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Five Resume Tips for College Students

Five Resume Tips for College Students

Kim Isaacs, Monster Resume Expert

September 04, 2009

Describe Unrelated Jobs the Right Way

Many students have part-time, seasonal or temporary work experience that is unrelated to future career goals. You don’t want to pack your document with irrelevant details, says Feldberg. On the other hand, prospective employers value candidates who demonstrate dependability and a strong work ethic, even if the experience is in a different industry.

Pull out the most important aspects of your work experience, advises Lorie Lebert, CEO of career management firm Resumes for Results and contributor to numerous resume books, including Best Resumes for College Students and New Grads. “Go into detail about projects you were involved in that show leadership, drive and determination,” she says. Campbell suggests students extract the skills and achievements that are most relevant to employers’ needs and leave out details that don’t add value.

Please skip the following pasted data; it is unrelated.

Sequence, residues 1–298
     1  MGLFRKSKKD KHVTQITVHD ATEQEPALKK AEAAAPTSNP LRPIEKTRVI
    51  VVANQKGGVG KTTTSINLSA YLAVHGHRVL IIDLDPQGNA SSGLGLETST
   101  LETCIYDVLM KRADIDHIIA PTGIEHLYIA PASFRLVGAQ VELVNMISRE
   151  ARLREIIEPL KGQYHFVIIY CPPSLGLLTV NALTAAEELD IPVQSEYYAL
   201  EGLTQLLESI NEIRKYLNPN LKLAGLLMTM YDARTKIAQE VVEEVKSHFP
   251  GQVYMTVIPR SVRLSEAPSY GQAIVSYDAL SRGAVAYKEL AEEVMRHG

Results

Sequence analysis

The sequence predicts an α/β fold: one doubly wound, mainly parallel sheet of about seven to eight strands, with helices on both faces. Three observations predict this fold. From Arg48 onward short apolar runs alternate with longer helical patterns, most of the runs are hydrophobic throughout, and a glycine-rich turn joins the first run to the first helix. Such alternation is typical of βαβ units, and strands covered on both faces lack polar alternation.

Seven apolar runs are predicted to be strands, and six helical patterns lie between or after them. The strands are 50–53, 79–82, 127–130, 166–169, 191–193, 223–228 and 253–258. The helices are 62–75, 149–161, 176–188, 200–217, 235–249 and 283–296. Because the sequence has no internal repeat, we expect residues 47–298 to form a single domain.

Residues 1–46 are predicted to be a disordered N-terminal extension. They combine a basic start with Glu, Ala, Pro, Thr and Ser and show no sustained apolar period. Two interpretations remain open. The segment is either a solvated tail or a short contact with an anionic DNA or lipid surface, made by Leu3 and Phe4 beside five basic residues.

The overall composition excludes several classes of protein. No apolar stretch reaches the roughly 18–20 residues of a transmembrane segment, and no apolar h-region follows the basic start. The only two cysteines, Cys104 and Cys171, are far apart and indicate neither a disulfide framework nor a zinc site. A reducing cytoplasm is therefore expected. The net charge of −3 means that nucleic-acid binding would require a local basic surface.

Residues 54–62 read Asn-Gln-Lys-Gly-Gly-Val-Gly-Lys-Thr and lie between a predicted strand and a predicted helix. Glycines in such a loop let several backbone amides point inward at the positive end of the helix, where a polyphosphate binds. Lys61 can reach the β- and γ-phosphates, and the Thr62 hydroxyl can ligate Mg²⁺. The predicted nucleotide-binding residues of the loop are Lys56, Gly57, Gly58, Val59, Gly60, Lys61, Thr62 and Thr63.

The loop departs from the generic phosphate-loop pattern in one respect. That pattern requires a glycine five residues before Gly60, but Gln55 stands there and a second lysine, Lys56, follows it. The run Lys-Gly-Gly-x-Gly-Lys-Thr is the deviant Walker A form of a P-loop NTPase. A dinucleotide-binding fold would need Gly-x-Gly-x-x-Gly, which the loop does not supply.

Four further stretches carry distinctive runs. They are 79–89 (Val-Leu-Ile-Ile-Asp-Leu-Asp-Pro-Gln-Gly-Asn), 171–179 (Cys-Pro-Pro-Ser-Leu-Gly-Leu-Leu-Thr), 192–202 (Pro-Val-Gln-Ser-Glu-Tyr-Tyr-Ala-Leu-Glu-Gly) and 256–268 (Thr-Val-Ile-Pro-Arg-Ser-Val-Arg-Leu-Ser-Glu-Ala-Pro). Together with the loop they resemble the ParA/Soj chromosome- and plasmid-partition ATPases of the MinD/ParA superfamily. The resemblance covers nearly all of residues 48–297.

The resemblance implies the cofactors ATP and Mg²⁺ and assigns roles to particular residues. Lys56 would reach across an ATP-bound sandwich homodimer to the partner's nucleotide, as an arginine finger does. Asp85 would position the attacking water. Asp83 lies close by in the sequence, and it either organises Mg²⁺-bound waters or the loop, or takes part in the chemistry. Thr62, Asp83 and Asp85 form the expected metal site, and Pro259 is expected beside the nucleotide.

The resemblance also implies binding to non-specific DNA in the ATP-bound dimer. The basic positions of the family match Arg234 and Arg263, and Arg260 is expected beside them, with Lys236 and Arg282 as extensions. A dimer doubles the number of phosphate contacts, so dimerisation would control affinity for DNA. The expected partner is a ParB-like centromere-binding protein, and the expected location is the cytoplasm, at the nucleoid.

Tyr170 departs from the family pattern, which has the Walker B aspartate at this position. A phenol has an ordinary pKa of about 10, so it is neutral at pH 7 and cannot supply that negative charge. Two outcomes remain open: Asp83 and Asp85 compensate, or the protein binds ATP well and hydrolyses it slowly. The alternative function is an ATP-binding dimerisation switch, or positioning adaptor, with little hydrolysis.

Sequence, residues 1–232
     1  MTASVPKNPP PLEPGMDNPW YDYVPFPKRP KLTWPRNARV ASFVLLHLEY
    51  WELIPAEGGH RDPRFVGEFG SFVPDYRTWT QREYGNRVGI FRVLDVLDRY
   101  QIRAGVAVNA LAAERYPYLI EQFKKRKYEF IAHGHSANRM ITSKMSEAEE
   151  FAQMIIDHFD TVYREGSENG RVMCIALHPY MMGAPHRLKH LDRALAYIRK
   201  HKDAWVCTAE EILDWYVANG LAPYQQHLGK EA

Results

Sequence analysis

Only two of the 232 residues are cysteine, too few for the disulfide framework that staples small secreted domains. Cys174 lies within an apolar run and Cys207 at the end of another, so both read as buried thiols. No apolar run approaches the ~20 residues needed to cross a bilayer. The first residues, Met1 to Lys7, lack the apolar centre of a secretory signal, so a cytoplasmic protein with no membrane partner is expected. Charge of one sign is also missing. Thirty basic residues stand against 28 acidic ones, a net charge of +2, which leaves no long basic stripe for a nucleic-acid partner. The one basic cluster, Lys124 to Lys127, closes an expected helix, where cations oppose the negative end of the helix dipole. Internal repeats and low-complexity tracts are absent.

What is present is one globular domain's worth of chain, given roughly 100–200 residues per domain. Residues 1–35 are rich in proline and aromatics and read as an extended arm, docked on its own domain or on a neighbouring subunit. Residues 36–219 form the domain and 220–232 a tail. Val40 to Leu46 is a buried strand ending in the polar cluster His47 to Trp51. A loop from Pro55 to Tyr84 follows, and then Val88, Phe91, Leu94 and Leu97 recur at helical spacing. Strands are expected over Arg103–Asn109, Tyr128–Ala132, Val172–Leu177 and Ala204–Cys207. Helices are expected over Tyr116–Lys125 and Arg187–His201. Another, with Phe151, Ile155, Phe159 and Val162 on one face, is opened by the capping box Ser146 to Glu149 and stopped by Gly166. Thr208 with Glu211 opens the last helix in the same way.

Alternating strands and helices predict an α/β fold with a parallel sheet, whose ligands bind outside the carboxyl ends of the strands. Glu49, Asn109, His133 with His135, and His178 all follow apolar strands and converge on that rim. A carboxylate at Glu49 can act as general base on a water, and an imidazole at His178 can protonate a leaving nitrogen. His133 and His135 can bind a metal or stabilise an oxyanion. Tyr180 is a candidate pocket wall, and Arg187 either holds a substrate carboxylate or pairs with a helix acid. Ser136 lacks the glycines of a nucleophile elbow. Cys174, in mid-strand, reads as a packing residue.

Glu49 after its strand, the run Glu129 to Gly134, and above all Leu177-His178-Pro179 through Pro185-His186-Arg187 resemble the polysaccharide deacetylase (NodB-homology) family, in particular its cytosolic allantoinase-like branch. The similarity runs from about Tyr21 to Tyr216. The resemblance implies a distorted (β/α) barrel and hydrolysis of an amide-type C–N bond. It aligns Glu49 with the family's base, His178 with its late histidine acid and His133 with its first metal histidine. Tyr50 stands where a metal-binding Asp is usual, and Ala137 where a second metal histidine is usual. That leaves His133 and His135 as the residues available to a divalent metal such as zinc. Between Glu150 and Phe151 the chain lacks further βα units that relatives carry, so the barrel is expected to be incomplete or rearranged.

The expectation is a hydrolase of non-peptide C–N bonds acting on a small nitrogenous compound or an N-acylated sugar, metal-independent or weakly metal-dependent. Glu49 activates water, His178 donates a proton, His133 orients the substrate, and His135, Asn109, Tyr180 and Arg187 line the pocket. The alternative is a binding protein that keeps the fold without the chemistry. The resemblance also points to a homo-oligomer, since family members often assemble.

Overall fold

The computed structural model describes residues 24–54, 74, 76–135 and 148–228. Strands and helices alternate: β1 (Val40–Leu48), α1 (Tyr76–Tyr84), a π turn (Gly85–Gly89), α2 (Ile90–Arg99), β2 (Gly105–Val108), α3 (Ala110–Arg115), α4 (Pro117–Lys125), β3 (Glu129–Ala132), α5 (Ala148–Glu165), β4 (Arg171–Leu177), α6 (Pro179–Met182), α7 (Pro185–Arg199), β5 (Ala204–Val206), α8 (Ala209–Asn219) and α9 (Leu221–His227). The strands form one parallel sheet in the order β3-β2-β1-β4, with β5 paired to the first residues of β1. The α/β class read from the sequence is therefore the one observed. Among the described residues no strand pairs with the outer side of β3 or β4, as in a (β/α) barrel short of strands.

Think Like an Employer — and Like a Job Seeker

If you’re applying to jobs or internships, “look at your experience through two pairs of eyes: the potential employer’s and your own,” says Campbell.

Study job ads or internship announcements that interest you. “For example, if an ad states that communication skills are important, think about times when your communication skills came into play,” Campbell says. “If you worked in any customer service-related position, you definitely used communication skills.” You can emphasize these skills on your resume.

“Next, look at your experience through your own eyes,” says Campbell. “What work did you enjoy? While these skills and experiences may not be directly relevant to the positions you’re targeting, they’re good indicators of areas where you’re likely to excel in the future.”

Pick the Right Resume Length and Format

“For most college students, a one-page resume is plenty,” says Feldberg. But she adds that this isn’t a hard-and-fast rule, particularly for students who have established a track record through internships or work experience. For these students, “a one-page resume would sell them short,” she says, and it’s OK to go to two pages.

This article originally appeared in Monster’s Career Advice Section.